Hackers see hospitals as treasure troves; they hold our most sensitive data, including medical records, financial information, and pretty much every piece of personal data which makes us distinguishable as an individual (think full name, date of birth, SSN’s and financial info)- more or less all the information which allows a cybercriminal to open up numerous credit cards, and commit fraud. Not only this, but if criminals do manage to break into hospital systems, they have the ability to manipulate data which could cause large scale service disruption- and in the very worst-case scenario, could pose a serious threat to patient safety. With the numbers of connected devices in the hospital ecosystem increasing constantly, security is often called into question. As Harvard’s International Healthcare Innovation Professor, I have seen this first hand, and it has become a worldwide issue.
Every day we see breaches making headlines- from big companies and email providers to banks and healthcare insurance providers. However, it tends to be forgotten that there are holes within the medical ecosystem that must be plugged to avoid breaches of this kind, too. Everything from I.V. pumps to X-Ray machines are computer operated and, as with most medical devices in today’s society, are connected to the internet in some way. Breaches of patient information could be catastrophic; just last year, WannaCry crippled NHS computer systems in the UK. Whilst systems were held to ransom, surgeries were cancelled, and urgent care was severely delayed. By getting their hands on data of this kind, hackers could not only go onto commit identity and financial fraud, but in some cases, use the information they have stolen to blackmail victims. Medical data is unique in a way in which it cannot be redacted- it can lead to reputational damage, and can cause the individual victim significant harm. Not only this, but hackers could also go on to manipulate the data to make it untrustworthy, something which could result in poor hospital care. Essentially, hospitals do not only have to worry about data theft, but also data corruption, which could result in large scale disruption of services.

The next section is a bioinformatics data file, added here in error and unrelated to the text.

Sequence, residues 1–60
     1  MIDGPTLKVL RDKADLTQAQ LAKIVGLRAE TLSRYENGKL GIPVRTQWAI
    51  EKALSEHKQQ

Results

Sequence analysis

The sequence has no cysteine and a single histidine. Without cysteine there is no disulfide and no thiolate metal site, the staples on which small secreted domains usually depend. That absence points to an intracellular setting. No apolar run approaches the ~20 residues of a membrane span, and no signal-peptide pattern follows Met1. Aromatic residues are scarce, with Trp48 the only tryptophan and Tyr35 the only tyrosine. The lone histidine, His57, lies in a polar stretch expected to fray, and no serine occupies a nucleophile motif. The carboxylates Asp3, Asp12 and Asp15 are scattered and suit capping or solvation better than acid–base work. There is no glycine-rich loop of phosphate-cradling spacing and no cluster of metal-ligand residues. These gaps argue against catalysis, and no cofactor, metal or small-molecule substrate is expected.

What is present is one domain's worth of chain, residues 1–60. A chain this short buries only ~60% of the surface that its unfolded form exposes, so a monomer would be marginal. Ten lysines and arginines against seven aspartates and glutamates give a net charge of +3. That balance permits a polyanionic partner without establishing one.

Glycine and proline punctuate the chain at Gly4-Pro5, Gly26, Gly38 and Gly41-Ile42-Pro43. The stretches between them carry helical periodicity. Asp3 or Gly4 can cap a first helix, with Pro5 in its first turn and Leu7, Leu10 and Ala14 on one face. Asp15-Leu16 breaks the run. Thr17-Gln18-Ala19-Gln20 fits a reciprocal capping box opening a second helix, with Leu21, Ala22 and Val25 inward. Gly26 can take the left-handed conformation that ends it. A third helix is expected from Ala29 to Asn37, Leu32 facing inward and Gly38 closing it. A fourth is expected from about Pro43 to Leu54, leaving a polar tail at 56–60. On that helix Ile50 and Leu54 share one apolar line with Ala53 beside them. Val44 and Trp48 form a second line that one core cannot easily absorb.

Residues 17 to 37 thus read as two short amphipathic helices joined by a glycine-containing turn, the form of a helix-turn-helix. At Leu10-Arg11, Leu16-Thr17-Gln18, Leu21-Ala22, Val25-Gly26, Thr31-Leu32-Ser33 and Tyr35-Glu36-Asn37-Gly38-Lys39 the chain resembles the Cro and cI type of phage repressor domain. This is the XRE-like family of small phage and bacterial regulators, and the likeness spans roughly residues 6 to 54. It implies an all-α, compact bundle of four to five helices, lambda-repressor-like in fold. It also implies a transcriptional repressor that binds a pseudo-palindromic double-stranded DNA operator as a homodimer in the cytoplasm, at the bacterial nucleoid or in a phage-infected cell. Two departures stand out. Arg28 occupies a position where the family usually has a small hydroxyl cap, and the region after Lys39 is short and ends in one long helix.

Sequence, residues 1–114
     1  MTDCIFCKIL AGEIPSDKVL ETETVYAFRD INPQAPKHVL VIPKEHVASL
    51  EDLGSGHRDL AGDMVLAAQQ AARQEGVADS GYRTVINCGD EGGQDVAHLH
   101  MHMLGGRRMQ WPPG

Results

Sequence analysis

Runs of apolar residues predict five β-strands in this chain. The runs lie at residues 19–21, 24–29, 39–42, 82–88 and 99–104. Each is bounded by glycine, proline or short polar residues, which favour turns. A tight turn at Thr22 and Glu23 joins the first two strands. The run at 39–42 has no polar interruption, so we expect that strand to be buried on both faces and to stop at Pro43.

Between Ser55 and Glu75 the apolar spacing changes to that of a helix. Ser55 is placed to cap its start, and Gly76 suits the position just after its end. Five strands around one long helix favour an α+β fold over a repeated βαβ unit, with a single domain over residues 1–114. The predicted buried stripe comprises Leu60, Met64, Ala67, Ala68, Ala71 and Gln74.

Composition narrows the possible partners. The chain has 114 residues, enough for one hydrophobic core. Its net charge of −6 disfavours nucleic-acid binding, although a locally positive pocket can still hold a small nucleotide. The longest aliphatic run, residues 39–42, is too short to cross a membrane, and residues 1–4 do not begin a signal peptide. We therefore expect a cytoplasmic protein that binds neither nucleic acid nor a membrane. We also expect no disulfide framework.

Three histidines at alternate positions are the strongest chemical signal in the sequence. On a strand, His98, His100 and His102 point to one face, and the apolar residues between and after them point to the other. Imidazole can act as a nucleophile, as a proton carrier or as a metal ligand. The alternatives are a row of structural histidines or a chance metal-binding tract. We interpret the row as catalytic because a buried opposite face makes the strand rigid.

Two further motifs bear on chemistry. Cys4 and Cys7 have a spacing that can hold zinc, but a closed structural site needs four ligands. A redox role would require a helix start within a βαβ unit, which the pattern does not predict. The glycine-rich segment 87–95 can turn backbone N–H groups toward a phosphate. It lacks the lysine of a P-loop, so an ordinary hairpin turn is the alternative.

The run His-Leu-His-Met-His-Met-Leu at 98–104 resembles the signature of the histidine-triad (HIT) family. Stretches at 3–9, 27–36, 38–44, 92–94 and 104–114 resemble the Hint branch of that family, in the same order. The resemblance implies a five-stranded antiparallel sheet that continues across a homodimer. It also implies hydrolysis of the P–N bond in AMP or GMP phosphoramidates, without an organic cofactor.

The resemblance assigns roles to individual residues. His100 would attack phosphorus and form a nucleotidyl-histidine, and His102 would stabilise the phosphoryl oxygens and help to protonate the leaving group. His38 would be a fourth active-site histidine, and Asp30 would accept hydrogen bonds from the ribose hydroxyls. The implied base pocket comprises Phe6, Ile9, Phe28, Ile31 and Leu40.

As connected medical devices often do not have security ‘built in’ per say, I believe that risk mitigation of medical devices connected to hospital networks is perhaps the most pressing issue for healthcare CIOs around the world. The risk mitigation is, of course, not only the responsibility of the CIO and more and more, we are seeing cybersecurity being treated as a board level issue; thus, it is the CEO, the COO, the CFO, the CIO- the whole executive suite- working together to reduce cybersecurity risks. Movement in this direction is positive, and if there are hospitals that still think it’s an “IT problem” – they should be concerned, as it’s very challenging to implement change and IT driven initiatives are rarely successful. Boards must not attempt to wait the challenge out and end up with a huge cyber incident on their hands before waking up, and engaging in cybersecurity.
When you look at any risk heat map, the map across healthcare consistently points out IoT connected devices as the most, if not one of the top 10, persistent risks. As a CIO myself, I wanted to be a part of solving this problem. I was fortunate enough to visit Israel in late 2017 with a delegation led by Charlie Baker, the governor of Massachusetts, with the aim of improving relationships between Massachusetts and Israel, specifically focusing on digital health innovation and cybersecurity. I have always appreciated the sophistication of cyber security companies in Israel; the 8200 produces some of the world’s best cybersecurity experts, who found groundbreaking, innovative start-up companies. Having the opportunity to work with an Israeli cybersecurity start-up is clearly an attractive prospect, and Cynerio’s team demonstrated it has the right qualities to address important issues by combining expertise in cybersecurity, medical devices, machine learning and healthcare workflow. Cynerio’s technology detects anomalies affecting connected medical devices using machine learning. It has studied millions of transactions, and can detect variations with a high positive predictive value. By combining device behavior learning with medical workflow analysis, their technology provides visibility into activity on the network, detecting anomalies and threats to patient safety and data protection.